Juliard Ishizuka, Dee Lincoln Steak and Burger Bar
"If you are making chocolate desserts splurge on a high-quality chocolate with high fat such as Valhrona. A little goes a long way in a recipe since it is such a sweet and rich item.
"And if you plan on just serving cheese, go with something nice that's not a grocery store item that belongs in a sandwich. Go with Cowgirl Creamery brand out of San Francisco, or go to Central Market where they have endless selection of great cheeses. All you need is some fruit, lavish on crackers and you have a simple easy appetizer."
Andrew Bell, Bolsa
"For me Thanksgiving is a lot like any other dinner, stay away from any can goods. If you can't find it fresh it might be time to rework you menu. A nice commercial roasting pan will pay for it self through out the year and will make Christmas dinner so much easier and will be one thing you don't have to worry about next Thanksgiving. If you do not have a nice chef knife, now might be the perfect time for an early Christmas gift for yourself. And like the roasting pan, it can work for you all year long."
Patrick Russell, Max's Wine Dive in Dallas
"I always buy foie gras. I love it, personally, but my family isn't into it, so I put it in my stuffing. I get the satisfaction of that rich deliciousness, and they all love it too -- only they don't know it."
Douglas Wagenhauser, Cook Hall
"For me, I have several items that I think are essential to the perfect Thanksgiving. Spend the money on a quality made turkey pan. Don't get the cheap foil one at the grocery store. Spend the $80 on a nice one and it will last 20 years. Also, don't forget to add plenty of butter, cream and salt. Those things can almost fix any problems. If you're not fat and happy, it's not a holiday. "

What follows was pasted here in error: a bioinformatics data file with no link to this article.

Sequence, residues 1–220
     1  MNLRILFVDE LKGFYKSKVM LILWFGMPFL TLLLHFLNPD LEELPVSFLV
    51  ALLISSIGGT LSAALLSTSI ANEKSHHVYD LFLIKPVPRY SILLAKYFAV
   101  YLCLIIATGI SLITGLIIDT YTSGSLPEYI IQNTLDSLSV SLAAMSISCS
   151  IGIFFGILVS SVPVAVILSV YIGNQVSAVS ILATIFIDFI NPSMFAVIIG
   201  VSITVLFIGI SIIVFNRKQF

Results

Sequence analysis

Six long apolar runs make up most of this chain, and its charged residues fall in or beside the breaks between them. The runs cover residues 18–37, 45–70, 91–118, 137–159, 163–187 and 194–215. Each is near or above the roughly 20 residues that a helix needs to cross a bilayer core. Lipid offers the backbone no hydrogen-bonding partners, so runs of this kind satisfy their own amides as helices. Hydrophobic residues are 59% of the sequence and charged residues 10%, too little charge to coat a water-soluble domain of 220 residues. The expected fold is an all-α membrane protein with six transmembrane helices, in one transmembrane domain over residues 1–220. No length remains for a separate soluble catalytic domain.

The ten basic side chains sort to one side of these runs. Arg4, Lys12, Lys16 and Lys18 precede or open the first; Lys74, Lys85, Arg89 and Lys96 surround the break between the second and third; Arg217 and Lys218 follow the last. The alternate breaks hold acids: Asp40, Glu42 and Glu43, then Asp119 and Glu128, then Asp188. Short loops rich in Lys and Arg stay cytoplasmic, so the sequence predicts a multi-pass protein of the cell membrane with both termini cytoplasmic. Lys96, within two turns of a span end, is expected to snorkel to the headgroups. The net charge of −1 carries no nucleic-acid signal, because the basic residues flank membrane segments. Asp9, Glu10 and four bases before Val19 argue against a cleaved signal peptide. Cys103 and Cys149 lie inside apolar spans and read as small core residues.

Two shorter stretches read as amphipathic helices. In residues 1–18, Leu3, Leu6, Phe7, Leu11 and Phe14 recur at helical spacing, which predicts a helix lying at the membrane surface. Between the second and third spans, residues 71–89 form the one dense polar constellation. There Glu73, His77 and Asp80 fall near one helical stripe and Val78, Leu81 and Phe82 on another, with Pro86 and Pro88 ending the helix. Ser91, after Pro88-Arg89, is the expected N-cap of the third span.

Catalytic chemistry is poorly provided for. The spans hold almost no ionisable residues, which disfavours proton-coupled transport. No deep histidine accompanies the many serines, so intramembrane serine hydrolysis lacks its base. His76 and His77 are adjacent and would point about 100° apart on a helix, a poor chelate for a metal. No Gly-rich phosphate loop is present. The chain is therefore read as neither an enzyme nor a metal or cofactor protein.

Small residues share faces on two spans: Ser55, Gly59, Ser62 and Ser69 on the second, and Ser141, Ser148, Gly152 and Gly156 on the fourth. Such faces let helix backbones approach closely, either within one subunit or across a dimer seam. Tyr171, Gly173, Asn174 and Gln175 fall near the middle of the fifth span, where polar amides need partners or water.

Brad Phillips, Asador
"I think Thanksgiving is the ultimate foodie holiday, it's my favorite holiday of the entire year. The quality of the food is the most important aspect of making a memorable meal and it all starts with the turkey. We are sourcing ours from Hudspeth farm this year, which is the best free-range poultry I've ever had. The turkey is the centerpiece of the table and should be of the highest all-natural quality you can find. That being said, you don't want to skimp on other ingredients like fresh green beans, local carrots, fresh Brussels sprouts, home-made bread for stuffing, home-made turkey stock for gravy, and fresh cranberries for sauce."
Stefon Rishel, Max's Wine Dive in Fort Worth
"I always make my own butter from scratch. It makes a huge difference in recipes from mashed potatoes to pies. The flavor and richness is worth the time spent making the butter."
Antonio Marquez, Lazaranda Modern Kitchen & Tequila
"To me the best thing is to prepare items in advance -- try not to cook everything on the same day. Also, using seasonal and fresh ingredients is a must. If you are using cinnamon try to buy one or two sticks instead of using last year's cinnamon left in the pantry. If using pumpkin, try to use in a different way, like a chowder soup or a sauce for seafood raviolis or grilled pumpkin for garnish (previously blanched). If you're cooking for a small group, just buy a breast and cook the stuffing separately. But, cook with love. That's the secret."